Firm 'Pedals' Unique Practice: Trails-to-Dollars
Three lawyers in the St. Louis office of Lathrop & Gage are establishing themselves as national leaders in a unique niche: rails-to-trails compensation. In 2006, the team won the largest per-mile recovery ever when the federal government had to pay $8.2 million to 100 St. Louis property owners for converting two miles of unused railroad rights-of-way into a recreational biking and hiking trail. Currently, the firm has eight rails-to-trails cases pending in the U.S. Court of Federal Claims in Washington, D.C. It is the only law firm currently handling more than a single such case, according to the St. Louis Business Journal.
The three lawyers -- Mark Fernlund Hearne II, Meghan S. Largent and Lindsay S.C. Brinton -- are credited with having helped shape and clarify the law under the 1983 Rails-to-Trails Act, which allows the federal government to take abandoned railroad tracks and convert them into recreational trails. Determining just when these conversions constitute a taking of private property can be complicated, lawyers on all sides agree. But Hearne can boast victories in each of the three cases he has so far taken to conclusion. Not only that, but their work has drawn the attention of Congress, the Business Journal reports. The U.S. Senate held a hearing on the issue last April, at which one of Hearne's clients testified, and Missouri's congressional delegation has introduced companion Senate and House bills aimed at ensuring that property owners are compensated for land taken under the Rails-to-Trails Act.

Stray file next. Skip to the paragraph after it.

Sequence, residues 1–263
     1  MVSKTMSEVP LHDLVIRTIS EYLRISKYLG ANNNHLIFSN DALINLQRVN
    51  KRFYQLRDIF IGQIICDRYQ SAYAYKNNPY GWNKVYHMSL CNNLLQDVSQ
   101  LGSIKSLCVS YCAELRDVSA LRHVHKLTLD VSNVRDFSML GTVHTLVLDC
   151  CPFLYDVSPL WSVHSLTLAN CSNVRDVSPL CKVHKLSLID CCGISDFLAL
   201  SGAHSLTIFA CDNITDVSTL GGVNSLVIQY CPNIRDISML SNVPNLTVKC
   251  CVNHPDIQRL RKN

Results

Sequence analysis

While the work of these three lawyers is helping their clients win fair compensation, it sure isn't hurting their firm's bottom line. The minimum billing rate courts have set for this type of work is $800 an hour, and Hearne said that each case costs a minimum of $2 million in fees and costs just to go to trial. Now that's rail money!
Posted by Robert J. Ambrogi on October 20, 2008 at 12:13 PM | Permalink
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